For housing, Diaz wants to increase the housing stock with more units, specifically affordable units, and preserve housing that’s already affordable. One way to increase the stock is to better incentivize developers, Diaz said, by reducing permitting costs and wait times.
“Speaking with developers, the number one thing I hear is how they’re hemorrhaging money when it comes to the lengthy and costly permitting process,” Diaz said. “I think that when it’s appropriate we need to consider fee waivers or reductions for developers. But I’m also cognizant of the effects of gentrification and displacement. Denver is not for sale — in my book — to the highest bidder. We need to make sure that development of the city works for us, not happens to us.”
To address permitting times, Diaz said council should work with the city’s Community Planning and Development department to come up with ways to help it recruit and retain employees. The labor problem, Diaz said, is affecting all city departments.
“We have to invest in our city employees,” Diaz said.
Another way to increase the housing stock, Diaz said, is by creating development with multi-uses and taking vacant city property and turning that into permanent housing or transitional housing for those experiencing homelessness. He points to the city’s efforts of purchasing motels. Diaz said The Rose on Colfax is a great example of development being used for both housing and as a service, in this case child care.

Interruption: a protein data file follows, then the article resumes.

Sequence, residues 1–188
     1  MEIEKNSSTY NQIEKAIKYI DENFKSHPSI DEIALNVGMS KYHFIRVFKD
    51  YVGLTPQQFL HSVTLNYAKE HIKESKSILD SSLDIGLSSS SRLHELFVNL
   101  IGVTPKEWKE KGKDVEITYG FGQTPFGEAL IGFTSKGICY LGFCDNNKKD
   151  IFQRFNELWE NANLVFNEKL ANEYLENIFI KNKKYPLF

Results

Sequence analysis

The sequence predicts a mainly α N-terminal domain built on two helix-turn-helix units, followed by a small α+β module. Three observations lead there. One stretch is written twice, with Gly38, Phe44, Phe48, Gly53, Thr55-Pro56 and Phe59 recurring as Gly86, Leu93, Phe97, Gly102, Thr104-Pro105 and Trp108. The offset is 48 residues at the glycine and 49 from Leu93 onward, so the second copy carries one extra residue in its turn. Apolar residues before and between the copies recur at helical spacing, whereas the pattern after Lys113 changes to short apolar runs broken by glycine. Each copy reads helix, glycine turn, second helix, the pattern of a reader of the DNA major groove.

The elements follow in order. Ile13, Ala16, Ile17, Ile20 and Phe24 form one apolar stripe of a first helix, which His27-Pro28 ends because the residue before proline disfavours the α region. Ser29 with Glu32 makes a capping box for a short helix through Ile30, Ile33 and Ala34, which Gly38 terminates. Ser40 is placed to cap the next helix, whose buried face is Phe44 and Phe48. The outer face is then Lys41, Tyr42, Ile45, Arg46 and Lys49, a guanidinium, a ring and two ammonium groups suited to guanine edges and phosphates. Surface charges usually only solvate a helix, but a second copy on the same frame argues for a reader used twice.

In order to preserve affordability, Diaz said there should be more tax credits available to help residents save on energy costs as well as property tax relief for those in need and the elderly.
Diaz said youth violence prevention is key to his public safety plans. That starts with investment in youth programming focused on mental health and apprenticeship programs, Diaz said. He also thinks more exposure to positive environments and cultural institutions will help.
“If kids are given the opportunity, I think we would prefer to pick up books rather than guns,” Diaz said. “I’m tired of losing my peers, people that I grew up with to use violence …. We need to expand their horizons just to show that there are things that exist outside of the city.”
The at-large race is stacked with nine candidates, including Diaz. Both at-large seats are open, as councilmembers Robin Kniech and Debbie Ortega (who is running for mayor) are term-limited. The candidates with the top two vote totals get the two seats.
As the April 4 election looms closer, Diaz said he’ll continue to talk about the issues of the inverted L and hopes, if elected, that he can undo the inequities Denver’s marginalized communities have faced, while also being an advocate for youth and all Denverites.
“I’m going to keep saying this but Denver can do better,” Diaz said. “The inverted L, redlining and Denver’s history of racist policies … it’s time we acknowledge it and work to undo it. I’m not naïve. I don’t think I’m going to do that by myself or in one term. It’s going to take intentionality and it’s going to take time …. We need to show up and stand shoulder and shoulder with community members and just be in solidarity. I’m trying to represent people to the city, not the city to the people.”